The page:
thumbnailFigure 2. I-FP-CIT SPECT imaging of the dopamine transporter. The imaging of the dopamine transporter revealed reduced binding in both striata, more severe in the right putamen.

The 82-year-old mother and two of the four living sisters, aged 57 and 45 years, had a normal neurological examination. The father of the proposita had died at the age of 72 because of myocardial infarction but he was referred to be free of neurological complaints.

Having obtained written informed consent, genomic DNA was extracted from peripheral blood of the patient and her living relatives using the MagNa Pure System (Roche) and the whole coding region and flanking intron-exon boundaries of POLG were directly sequenced using the BigDye 3.1 chemistry (Applied Biosystems, Foster City, CA). In the proposita we identified a homozygous c.2665G > A/p.A889T change (Figure 3a). The mutation was heterozygous in her mother and two sisters and led to a reduction of the protein in skeletal muscle homogenate (Figure 3b). No mutations in other genes associated with multiple mtDNA deletions were detected [6]. There was no mtDNA depletion in muscle.

thumbnailFigure 3. Electropherogram of POLG (a) and Western blot and densitometric analysis of POLG protein (b) (1:100, ACRIS antibodies, Germany) in the patient and a control. a: The electropherogram with the region of the exon 17 of POLG flanking the homozygous mutation (c.2665G>A) identified in the patient. The electropherogram of a control is also shown. Arrow indicates the mutation. b: About 50 μg of skeletal muscle homogenate were loaded in each lane. POLG content was normalized using a monoclonal SDHA antibody (1:500, Mitosciences, USA). Levels of expression in the patient appear reduced (about 45% of control sample). A representative experiment is shown.

Conclusion

The present report offers two main considerations. The patient we described combines the clinical features of SANDO syndrome complicated with late-onset Parkinsonism and mood disorder. In previous years, co-existence of Parkinsonism and POLG mutations has been described, suggesting that mitochondrial dysfunction might play a role in the pathogenesis of PD [7]. Our case report is further evidence that abnormal oxidative metabolism and loss of mtDNA integrity might be implicated in similar conditions. Whilst is evident that POLG does not represent a frequent etiology in PD-like syndromes, it seems not too speculative to hypothesize that alterations in mtDNA fidelity and subsequent impaired protein synthesis likely compromise mitochondrial bioenergetics, dynamics, transport, or their combination, in dopaminergic neurons [8]. Similar to other cases of “mitochondrial parkinsonisms”, our patient had benefit with antiparkinson drugs, underling the importance of a correct diagnosis [4,9-12].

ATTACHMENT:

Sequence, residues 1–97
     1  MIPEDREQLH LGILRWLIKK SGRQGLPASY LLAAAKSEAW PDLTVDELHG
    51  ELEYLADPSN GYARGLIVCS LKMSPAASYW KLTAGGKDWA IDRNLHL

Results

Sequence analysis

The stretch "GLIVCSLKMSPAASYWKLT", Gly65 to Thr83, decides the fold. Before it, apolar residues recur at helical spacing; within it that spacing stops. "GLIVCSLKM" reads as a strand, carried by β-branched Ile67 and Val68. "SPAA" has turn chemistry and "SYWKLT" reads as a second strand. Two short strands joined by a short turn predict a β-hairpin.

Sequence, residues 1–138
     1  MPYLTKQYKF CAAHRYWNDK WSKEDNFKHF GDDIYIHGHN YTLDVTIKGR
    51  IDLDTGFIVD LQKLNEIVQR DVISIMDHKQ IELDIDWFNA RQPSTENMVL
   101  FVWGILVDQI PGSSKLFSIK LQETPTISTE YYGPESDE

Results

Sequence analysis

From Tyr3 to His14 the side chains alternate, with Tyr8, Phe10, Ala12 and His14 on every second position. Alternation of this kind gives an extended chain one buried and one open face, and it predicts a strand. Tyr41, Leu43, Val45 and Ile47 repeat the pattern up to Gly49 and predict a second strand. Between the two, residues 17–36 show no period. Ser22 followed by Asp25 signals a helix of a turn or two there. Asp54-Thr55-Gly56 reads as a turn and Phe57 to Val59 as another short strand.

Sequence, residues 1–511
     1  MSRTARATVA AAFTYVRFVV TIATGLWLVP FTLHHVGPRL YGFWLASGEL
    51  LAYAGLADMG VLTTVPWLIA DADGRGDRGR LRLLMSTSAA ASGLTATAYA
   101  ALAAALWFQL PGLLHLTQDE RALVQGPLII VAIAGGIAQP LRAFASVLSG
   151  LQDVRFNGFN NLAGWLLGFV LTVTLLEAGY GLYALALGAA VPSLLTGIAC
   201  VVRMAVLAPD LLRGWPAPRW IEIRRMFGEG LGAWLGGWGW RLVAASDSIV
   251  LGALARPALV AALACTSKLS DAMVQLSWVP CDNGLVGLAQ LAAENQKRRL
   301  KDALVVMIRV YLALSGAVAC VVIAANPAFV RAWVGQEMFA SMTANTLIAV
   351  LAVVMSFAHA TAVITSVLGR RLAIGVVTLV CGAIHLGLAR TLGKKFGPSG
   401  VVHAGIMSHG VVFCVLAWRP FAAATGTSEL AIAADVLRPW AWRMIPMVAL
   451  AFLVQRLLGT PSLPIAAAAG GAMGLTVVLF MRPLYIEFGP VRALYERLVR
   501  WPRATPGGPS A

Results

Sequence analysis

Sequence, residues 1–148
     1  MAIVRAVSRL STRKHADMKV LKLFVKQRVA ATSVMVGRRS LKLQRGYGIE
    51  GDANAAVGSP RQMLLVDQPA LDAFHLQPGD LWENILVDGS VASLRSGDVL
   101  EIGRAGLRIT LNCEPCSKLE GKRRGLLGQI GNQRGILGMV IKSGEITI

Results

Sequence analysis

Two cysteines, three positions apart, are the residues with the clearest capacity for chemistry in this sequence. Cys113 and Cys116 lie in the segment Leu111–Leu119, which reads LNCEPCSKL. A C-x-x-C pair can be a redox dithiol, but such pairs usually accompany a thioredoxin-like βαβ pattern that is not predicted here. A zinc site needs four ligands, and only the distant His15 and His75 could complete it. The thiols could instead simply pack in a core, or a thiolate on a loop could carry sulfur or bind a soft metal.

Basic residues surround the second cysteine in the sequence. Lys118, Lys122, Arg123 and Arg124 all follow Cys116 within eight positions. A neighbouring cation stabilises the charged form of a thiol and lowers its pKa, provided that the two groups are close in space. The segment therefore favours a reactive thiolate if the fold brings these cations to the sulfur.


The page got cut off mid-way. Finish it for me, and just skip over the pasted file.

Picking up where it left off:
A further consideration emerges from the evidence of an additional association between the POLG p.A899T variant and SANDO syndrome. The p.A899T has initially been described in compound heterozygosity [13,14] and frequently associated with the clinical triad of sensory ataxic, ptosis, and PEO together with a mood disorder and a movement disorder such as Dopamine-agonist responsive parkinsonism. In the face of an ever increasing, pleiomorphic array of features associated with mutations in POLG[15], identification of apparent mutation-specific clinical characteristics might facilitate molecular confirmation in complex patients, prevent possible co-morbidities, and permit to adopt effective symptomatic therapies.

Abbreviations

POLG: Mitochondrial polymerase gamma; AHS: Alpers-Huttenlocher syndrome; PEO: Progressive external ophthalmoparesis; SANDO: Sensory ataxic neuropathy, dysarthria, and ophthalmoparesis; mtDNA: mitochondrial DNA; MMSE: Mini Mental State Examination; UPDRS: Unified Parkinson’s Disease Rating Scale.

Competing interests

All authors declare that they have no competing interests.

Authors’ contributions

MBDP has made substantial contributions to conception, design and coordination of the study, has been involved in drafting the manuscript and has given final approval of the version to be published. CN has been involved in drafting the manuscript, carried out the molecular genetic studies and has given final approval of the version to be published. MCM has been involved in drafting the manuscript, carried out the molecular genetic studies and has given final approval of the version to be published. CB carried out the examination of muscle biopsy and has made substantial contributions to acquisition of data and has given final approval of the version to be published. AS has been involved in drafting the manuscript and revising it critically for important intellectual content and has given final approval of the version to be published. FMS has made substantial contributions to conception, design and coordination of the study, has been involved in drafting the manuscript and has given final approval of the version to be published.

Acknowledgements

We wish to thank the patient, who gave written consent for publication, and her family.

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Pre-publication history

The pre-publication history for this paper can be accessed here:

http://www.biomedcentral.com/1471-2350/14/105/prepub